But recent hit-and-run attacks on government forces and the greater care it is taking to avoid civilian casualties suggest cannier tactics, with lessons learnt from the experience of al-Qaeda branches in Iraq and Afghanistan. Like them it is trying to weaken resolve by targeting the security forces on which the government depends.
Thursday, January 13, 2011
This Economist article has a brief little overview of recent AQAP attacks. They are clearly stepping up, but so far, and somewhat to my surprise, they have yet to overstep their bounds. These sentences kind of get at the heart of it.
While I agree with the second sentence, I think it also goes a little but further than that- they learned the lessons of Iraq and are avoiding the kind of mindless carnage that led to their eventual downfall. We tend to bandy about words like "nihilism" and "psychopathic" when discussing al-Qaeda, or any other terrorist outfit. To an extent these words work, at least in certain cases. Zarqawi in Iraq was a bloodhungry criminal who used jihad to slake his urges. But it is a mistake to think that all jihadis are like this. In his excellent book, Talking to the Enemy, Scott Atran frequently uses the term "moral" to describe people who sign up for jihad, whether through Qaeda or independently. This is a strange word, and strikes the ear as off, but it works. There are principals, and a goal to be had, and something to fight for. It is of course a backwards, atavistic goal, but it is there. The more professional jihadis are moral in this sense, and that is what separates them from the merely criminal. This is what we have in Yemen, with Nasir al-Wuhayshi. And that is what makes him so damn dangerous.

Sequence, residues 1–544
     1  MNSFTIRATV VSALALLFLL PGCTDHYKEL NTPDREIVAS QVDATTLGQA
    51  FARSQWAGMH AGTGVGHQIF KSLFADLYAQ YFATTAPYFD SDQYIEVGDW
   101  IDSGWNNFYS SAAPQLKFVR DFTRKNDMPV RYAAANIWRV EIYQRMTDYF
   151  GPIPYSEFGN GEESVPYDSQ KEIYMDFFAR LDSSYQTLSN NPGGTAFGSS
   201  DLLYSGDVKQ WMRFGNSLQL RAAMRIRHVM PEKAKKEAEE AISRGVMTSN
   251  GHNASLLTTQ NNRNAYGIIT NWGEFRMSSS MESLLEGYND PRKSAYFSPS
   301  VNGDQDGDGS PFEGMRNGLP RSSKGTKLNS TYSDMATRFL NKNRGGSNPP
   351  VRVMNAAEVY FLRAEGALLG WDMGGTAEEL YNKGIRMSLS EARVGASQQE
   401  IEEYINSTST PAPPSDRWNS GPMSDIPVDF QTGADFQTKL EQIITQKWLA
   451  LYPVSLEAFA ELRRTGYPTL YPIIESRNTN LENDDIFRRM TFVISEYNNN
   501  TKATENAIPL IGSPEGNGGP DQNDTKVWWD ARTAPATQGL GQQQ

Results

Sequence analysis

Think "moral" in the sense that Woody Harrelson's character uses it to describe Chighur's character in No Country for Old Men. I can't find a video that shows it, but you all remember, right?
There is a lot more to say about this, and is something I am working on.